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Movies and what they mean, according to The Boomer’s Guide To Story

by Mark Burger

One could fill an entire library with books consisting of movie reviews, but one recent publication that stands out author Roemer McPhee’s The Boomer’s Guide to Story, which doesn’t so much provide reviews about movies as overviews about movies: Themes, intentions, messages. In some cases, “things that even the writer [of the film] might not have realized when they were writing it,” observed author Roemer McPhee.

Subtitled “A Search for Insight and Literature and Film,” The Boomer’s Guide to Story is McPhee’s first book — “and it might be my last,” he said with a laugh.

In the preface, McPhee immediately points out that “this volume is a search for insight, not a collection of book and film reviews” — and for nearly 400 pages he undertakes that search. In the book, he examines and explores the themes prevalent (or underlying) in more than 300 films — some good and some popular, some made-for-television and others all but forgotten. It begins with Airport (1970) and ends with Zodiac (2007), and boasts an eclectic selection in-between.

McPhee began work on the book four years ago, when he was 48 years old and shortly after posting a message on the Internet Movie Database (imdb.com) listing for the Oscarwinning 1978 film The Deer Hunter, detailing the themes prevalent in the film. “And it started snowballing from there,” he said.

Appropriately, The Deer Hunter is included in the book, its numerous specified themes including “Humanity is Forever,” “Perfection or Nothing,” “Problem Solver,” “Fear,” “Life Will Never Be the Same,” “War is Filth,” “No Little People,” “Beyond Fear,” “Principle Over Expediency,” “Bonded” and several others. Not every film is covered in detail as extensively: Diabolique (“The Method is Still Murder” is the single observation); Castaway scores three (“There Are No Accidents,” “The Jet Engine” and “The Homing Instinct”); The Hunt for Red October scores two (“Window of Opportunity” and “O Captain! My Captain!”); and Marathon Man notches five (including “Incident Reveals Character” and “Know Your History”).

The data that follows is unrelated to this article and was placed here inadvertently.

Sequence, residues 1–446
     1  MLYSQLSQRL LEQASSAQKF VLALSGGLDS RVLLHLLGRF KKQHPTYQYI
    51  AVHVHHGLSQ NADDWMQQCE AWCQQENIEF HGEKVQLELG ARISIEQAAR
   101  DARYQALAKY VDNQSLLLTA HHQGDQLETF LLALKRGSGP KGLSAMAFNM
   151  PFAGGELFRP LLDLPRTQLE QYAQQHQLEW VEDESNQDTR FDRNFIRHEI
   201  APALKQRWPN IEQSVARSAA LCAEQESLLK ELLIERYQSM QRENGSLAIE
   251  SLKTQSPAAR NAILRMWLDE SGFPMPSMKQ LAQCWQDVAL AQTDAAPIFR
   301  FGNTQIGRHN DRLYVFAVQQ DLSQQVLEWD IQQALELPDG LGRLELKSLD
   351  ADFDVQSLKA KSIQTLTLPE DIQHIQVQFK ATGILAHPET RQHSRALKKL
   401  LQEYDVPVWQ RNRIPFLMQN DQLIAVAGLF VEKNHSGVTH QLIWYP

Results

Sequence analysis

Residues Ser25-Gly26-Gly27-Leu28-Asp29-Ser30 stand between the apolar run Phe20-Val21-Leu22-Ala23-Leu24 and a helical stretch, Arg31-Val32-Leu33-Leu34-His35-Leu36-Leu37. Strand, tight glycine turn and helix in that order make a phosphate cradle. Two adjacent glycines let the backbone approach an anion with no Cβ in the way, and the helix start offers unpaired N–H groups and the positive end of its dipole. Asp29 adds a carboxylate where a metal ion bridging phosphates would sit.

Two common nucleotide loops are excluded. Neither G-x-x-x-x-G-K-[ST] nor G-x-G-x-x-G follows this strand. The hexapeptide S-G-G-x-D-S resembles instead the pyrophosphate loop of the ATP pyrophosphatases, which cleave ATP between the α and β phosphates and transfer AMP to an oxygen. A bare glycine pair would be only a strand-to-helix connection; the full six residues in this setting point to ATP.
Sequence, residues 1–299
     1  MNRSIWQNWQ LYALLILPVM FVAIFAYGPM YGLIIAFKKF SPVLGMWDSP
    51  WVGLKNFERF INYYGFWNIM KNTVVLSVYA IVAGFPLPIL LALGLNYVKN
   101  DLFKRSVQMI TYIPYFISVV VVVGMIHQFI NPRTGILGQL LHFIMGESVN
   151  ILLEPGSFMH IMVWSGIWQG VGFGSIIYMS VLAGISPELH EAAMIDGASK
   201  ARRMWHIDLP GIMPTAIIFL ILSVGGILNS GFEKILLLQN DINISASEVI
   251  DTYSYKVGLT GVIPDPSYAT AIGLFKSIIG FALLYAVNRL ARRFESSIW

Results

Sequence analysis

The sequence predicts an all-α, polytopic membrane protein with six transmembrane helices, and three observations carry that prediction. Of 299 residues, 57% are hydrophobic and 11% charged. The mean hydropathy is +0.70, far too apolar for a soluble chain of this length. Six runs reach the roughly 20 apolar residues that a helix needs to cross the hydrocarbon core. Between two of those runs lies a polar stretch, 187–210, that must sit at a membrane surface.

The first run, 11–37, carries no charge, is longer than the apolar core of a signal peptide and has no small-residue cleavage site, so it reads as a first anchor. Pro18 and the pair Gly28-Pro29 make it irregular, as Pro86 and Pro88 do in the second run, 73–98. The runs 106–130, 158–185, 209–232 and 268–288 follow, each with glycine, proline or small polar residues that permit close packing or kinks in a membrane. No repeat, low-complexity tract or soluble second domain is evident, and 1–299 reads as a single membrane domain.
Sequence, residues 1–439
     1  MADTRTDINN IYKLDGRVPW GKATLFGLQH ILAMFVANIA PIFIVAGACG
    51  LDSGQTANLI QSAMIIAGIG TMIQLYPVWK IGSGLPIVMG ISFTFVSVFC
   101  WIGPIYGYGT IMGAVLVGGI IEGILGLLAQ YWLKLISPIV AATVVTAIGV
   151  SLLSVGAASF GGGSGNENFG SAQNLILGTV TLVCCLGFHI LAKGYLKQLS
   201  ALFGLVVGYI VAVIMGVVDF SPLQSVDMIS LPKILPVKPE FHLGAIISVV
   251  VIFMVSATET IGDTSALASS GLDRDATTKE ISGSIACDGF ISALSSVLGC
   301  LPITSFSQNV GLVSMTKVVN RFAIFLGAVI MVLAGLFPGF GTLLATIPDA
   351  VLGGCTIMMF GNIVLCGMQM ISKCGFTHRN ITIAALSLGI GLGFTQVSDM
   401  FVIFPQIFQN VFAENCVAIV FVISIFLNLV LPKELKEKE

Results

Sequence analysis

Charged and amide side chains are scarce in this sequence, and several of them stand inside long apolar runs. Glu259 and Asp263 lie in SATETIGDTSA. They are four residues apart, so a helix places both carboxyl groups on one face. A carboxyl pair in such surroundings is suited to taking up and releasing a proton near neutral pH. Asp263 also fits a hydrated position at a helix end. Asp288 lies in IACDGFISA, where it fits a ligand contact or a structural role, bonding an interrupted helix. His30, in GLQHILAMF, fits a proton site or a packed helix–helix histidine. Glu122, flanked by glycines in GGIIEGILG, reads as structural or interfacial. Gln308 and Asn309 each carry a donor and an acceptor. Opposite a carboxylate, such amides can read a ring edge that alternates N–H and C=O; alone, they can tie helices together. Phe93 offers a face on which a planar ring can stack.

A lot of the big ones are here:

Apocalypse Now, The Bridge on the River Kwai, Butch Cassidy and the Sundance Kid, Doctor Zhivago, Easy Rider, The Exorcist, The French Connection, Psycho, Raging Bull, Taxi Driver… remarkably, The Sound of

Music and Star Wars didn’t make the cut, but that doesn’t mean they’re missed.

McPhee is less concerned with the stories told in the film than the meanings those stories convey. “I’m more and more interested in ideas, and less and less interested in plot summaries,” he noted.

As he compiled data, recalled (or rewatched) the movies and wrote the book, “I was convinced it was the right angle,” McPhee says. “It’s what I wanted to do. I was trying to point out timeless insights. I think of myself as a tour guide — on a very special tour. The book gave me my understanding of the power of art.”

Although The Boomer’s Guide to Story might seem a natural for a follow-up, McPhee has no plans to undertake one at this time (“I’m trying to get word-of-mouth going about this one,” he quips), although he hopes that it encourages readers to examine the films they watch from a different perspective, no matter how many times they’ve seen it. That, indeed, was a major reason he undertook the task.

“It’s very much suggestive to the reader for further study… a consideration of ideas,” he said. “Ideas are ideas, and I wanted to give modern stories their due.”

The Boomer’s Guide to Story is currently available at Amazon.com and other online sources.

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